Ah, videolaryngoscopes – wonderful toys increasingly common in operating rooms, intensive care units and emergency departments throughout the world.
After the first video laryngoscope was conceived by New York emergency physician Jon Berall in 1998, commercial success quickly followed with the 2001 Glidescope (designed by a vascular surgeon nonetheless!). Our love of the videolaryngoscope has grown ever since.
Like many anaesthetists and anesthesiologists I've used several different videolaryngoscopes over the past few years. The character that sets apart the videoscopes I like to use from those I do not is how well they enhance airway techniques I use every day rather than requiring a new technique specific to their device.
Overwhelmingly this comes down to how similar the laryngoscope is to a standard Macintosh blade rather than inventing a whole new shape. While there may be theoretical (or even real!) benefits to increasing the angle of the blade or adding extra conduits, when I have a difficult airway I want to augment the tools and techniques I use every day rather than change to something completely different. (When I want to change to something completely different I'll pick up a fibreoptic bronchoscope or something sharp!)
And this the first reason why I love the Storz C-MAC...
1. It uses standard Macintosh size 3 and 4 blades
(and a 'D' blade, if that floats your boat), enhanced by video which typically improves the Cormack-Lehane view by at least one.
In an unexpected difficult intubation my first go-to choice is the C-MAC and a bougie – and it has only let me down once.
This is a key point: the Macintosh-based videoscopes extend existing airway techniques, like tube-over-bougie, rather than inventing something new. A new technique is not necessarily a bad thing, but I'd rather stick with what I know when I'm in the airway vortex.
2. The C-MAC is quick to setup but difficult to loose.
Compared to the theatrical production of setting up a traditional FOB, lightsource and tower, calling for the C-MAC requires it only to be wheeled in and turned on.
Although the separate monitor and stand make it less portable than an all-in-one unit (though still a C-MAC option), the standalone monitor makes the C-MAC harder to loose if forgotten in a distant operating room, radiology or elsewhere.
The monitor can also be used with the Storz video endoscope – very useful in the heat of the moment to quickly swap out one airway weapon for another. It's also much faster to use the CMAC-endoscope de novo compared with a traditional FOB and tower.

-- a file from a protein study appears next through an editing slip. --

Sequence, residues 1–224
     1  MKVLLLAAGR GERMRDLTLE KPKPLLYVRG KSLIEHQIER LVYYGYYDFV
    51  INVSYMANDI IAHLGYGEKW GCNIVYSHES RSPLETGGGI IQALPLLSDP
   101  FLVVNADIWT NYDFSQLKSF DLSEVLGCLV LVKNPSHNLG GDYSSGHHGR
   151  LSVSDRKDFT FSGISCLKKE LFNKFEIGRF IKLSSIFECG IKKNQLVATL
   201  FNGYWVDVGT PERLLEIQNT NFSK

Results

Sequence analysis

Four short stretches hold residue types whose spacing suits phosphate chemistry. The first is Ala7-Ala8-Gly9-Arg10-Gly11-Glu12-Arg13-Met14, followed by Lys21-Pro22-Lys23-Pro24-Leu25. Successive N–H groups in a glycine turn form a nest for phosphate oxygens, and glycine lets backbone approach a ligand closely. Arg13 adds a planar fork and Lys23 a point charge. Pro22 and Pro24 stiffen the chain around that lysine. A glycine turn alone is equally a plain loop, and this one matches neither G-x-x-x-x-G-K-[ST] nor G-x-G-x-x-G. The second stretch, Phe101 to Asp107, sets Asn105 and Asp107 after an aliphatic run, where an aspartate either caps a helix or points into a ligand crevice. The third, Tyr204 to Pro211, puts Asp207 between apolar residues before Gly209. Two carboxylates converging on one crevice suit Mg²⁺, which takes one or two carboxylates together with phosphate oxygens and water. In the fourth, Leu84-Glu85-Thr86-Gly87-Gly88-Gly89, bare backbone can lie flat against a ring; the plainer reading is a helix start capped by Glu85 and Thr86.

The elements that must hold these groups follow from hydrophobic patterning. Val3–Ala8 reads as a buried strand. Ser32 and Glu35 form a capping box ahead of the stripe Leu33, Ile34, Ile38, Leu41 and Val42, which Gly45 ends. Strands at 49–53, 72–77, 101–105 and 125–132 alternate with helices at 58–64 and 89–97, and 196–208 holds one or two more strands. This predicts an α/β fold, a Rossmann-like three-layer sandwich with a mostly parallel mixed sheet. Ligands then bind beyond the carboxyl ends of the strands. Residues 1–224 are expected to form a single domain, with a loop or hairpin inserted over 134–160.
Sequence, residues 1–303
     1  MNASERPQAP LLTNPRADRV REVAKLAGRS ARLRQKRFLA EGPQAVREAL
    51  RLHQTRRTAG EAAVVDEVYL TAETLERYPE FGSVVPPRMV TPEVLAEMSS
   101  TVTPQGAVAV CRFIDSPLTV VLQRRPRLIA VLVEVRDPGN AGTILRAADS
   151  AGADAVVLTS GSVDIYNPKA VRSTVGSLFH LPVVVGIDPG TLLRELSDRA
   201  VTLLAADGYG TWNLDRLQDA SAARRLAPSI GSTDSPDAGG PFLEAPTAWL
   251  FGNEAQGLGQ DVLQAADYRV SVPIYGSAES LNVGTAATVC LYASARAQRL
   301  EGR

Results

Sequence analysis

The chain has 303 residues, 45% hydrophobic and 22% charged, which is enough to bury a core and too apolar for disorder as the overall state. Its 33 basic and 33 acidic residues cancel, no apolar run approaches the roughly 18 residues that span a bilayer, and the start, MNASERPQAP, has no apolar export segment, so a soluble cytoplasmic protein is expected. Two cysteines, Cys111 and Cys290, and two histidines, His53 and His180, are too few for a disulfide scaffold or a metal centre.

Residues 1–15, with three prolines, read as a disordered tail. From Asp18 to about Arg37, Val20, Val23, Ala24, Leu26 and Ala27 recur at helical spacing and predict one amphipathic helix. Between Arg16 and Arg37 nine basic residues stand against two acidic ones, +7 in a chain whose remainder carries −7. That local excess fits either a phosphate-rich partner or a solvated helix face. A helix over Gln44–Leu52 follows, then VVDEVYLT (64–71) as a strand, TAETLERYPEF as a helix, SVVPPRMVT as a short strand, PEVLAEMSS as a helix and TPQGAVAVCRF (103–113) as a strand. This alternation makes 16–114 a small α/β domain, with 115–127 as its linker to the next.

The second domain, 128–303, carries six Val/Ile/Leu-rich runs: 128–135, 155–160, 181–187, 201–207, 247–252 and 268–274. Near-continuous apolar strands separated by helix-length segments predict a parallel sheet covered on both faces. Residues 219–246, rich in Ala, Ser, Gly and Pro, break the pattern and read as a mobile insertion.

3. The C-MAC is great for teaching junior doctors laryngoscopy technique.
"What do you see?" [silence] "What do you see?" [crickets]
Because it is a standard Macintosh blade, junior staff can use it like a normal laryngoscope under direct vision and I can watch on the C-MAC monitor, offering meaningful suggestions and understanding a little better where they might be going wrong.
For junior staff this is a great way to identify laryngoscopy 'threshold concepts' that they might struggle with (blade tip perfectly in the vallecula; vectors of force) – and for senior trainees the perfect way to support their management of a difficult airway without taking over.
While technical skill is a foundational part of difficult airway management, it's the decision making that determines a good or bad outcome. A senior trainee driving a videolaryngoscope allows the supervising clinician to support the decision making process.
The external monitor also allows others to see the airway view: an anesthesia assistant can see the screen and alter BURP as needed, and my surgeons can understand a little better the degree of airway challenge.
4. The C-MAC can be used for awake laryngoscopy.
With careful topicalisation and a co-operative patient, gentle awake laryngoscopy can quickly validate (or not!) the plan in suspicious airways – particularly when an awake FOB intubation is not an option.
5. The C-MAC can be cleaned quickly
Making it ready for use by the next patient, without need for disposables or consumables.
Processing a fibreoptic bronchoscope can easily take 45 minutes – an eternity when you. need. it. now!
The C-MAC is not the only game in town when it comes to Macintosh-videolaryngoscopes, though it has the greatest mindshare in the departments that I have worked in. From the range of videoscopes I have tried, the C-MAC is the one I am happiest with.
The challenge with airway toys is that because there are so many options it's easy to have superficial exposure to many but limited depth in any – and this is what I like about the C-MAC and other Macintosh-based videolaryngoscopes: they leverage the skills I've already earned in wielding Sir Robert's blade.
Want to read more on videolaryngoscopes like the C-MAC?
Click to browse metajournal.com’s indexed papers on videolaryngoscopy. Enjoy!